By Nicole Viviano
In honor of National Blood Donor Month, Campus Town hosted a blood drive from Jan. 30 to Friday, Feb.1 in effort to combat the current blood bank deficit facing New Jersey.
Even though temperatures dropped to the lowest of the season throughout the three-day event, the heated interior of the red and white coach bus and the warm staff offered a pleasant experience for donors.
Organized by Miller-Keystone Blood Center of Trenton, New Jersey, the drive was able to successfully meet its quotas.
“We want to do what we can to support the blood donations and to support the community,” said Greg Lentine, director of campus development at Campus Town. “That’s a really big goal for us.”
Miller-Keystone is a community blood center which aims to supply local hospitals with the resources they need for surgeries and emergency procedures. Unlike national blood organizations, the donations that are given at Miller-Keystone help the local community.
Miller-Keystone Donor Resources Representative Daria Caldwell collaborated with Lentine to plan and secure the Campus Town vendors’ support. Meanwhile, Dave Conner, the director of Student Involvement, approved the event’s flyers and contacted student organizations on campus to alert the community of the event.
Lentine also reached out to New Jersey 101.5 in hopes that student groups, fraternities, sororities, students and community members alike would contribute to Miller-Keystone’s efforts.
“When you have these events, as much as you want all the College people to be involved, we also want the community to come out,” Lentine said. “That’s why we went out and bought advertising on the radio — to try and get the community to come on out here and help support this.”
The normal timing involved with planning a blood drive can be anywhere from three to six weeks, Caldwell explained. This event was put together in just one. A Miller-Keystone mobile donor coach bus allowed for the flexibility needed to piece the drive together in this short amount of time.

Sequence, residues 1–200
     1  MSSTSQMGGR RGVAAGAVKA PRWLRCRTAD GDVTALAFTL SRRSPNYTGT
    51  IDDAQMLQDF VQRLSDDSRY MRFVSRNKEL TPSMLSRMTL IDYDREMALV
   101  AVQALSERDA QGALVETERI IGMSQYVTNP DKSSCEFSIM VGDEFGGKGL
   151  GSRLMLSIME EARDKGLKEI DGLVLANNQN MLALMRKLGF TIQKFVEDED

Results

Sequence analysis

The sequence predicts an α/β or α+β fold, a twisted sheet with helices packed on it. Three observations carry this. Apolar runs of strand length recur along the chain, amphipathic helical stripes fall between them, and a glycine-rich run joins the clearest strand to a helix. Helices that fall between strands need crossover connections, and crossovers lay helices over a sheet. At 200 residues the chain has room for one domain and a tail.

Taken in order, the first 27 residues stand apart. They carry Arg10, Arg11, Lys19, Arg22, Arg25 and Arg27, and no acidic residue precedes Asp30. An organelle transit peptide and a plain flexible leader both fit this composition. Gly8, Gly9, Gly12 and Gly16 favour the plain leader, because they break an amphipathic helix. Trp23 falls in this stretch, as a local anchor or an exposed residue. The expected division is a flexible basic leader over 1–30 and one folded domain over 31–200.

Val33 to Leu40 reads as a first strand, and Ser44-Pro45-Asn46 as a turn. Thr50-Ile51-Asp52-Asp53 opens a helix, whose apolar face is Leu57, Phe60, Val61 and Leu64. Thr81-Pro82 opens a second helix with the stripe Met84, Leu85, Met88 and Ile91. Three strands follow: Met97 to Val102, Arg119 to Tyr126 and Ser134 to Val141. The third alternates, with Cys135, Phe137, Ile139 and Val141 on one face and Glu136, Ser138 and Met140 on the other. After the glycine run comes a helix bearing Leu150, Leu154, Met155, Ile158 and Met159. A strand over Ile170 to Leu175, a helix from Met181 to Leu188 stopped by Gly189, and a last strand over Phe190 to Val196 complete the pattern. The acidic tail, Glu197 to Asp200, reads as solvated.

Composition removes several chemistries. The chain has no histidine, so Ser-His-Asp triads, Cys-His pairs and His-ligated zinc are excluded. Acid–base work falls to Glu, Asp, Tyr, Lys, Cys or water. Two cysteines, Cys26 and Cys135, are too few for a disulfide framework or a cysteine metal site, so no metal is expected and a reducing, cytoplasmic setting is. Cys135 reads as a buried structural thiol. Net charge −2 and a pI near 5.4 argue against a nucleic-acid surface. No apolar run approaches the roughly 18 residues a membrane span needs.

Phlebotomists Sandy Rodriguez, Angie Renee Bratcher, Tracy Moyer and staffed nurse Kevin Clark helped keep the environment welcoming for donors.
“For me, who’s been doing nonprofit philanthropy work for 35 years, it’s your chance to help somebody learn … the value of taking care of each other, and being kind to each other, and being cognizant that there is a world beyond yourself,” Caldwell said.
Caldwell’s goal is to create a comfortable, close-to-home environment for both donors and staff. Her passion for her work stems from her upbringing and her survival after four blood transfusions.
“I know that I’m here today because somebody stepped up and put their arm out,” she said.
Upon completion of a donation, donors were thanked for saving three lives and received contributed coupons and materials from supporting Campus Town vendors, including a Miller-Keystone T-shirt, a laundry bag, 10 percent off at Lion Dog, Piccolo Pronto, RedBerry and Frutta Bowls and a free dessert voucher from Landmark Americana.
This event was also formulated at a quicker pace due to the dire need for resources and Campus Town’s relationship with the blood center. Miller-Keystone will have a physical location that is expected to open up in Campus Town later this semester, according to Lentine.
“Once the center opens up people can go in there any time, but we will help support them because it’s something that is giving back to the community,” Lentine said. “We think that’s really important.”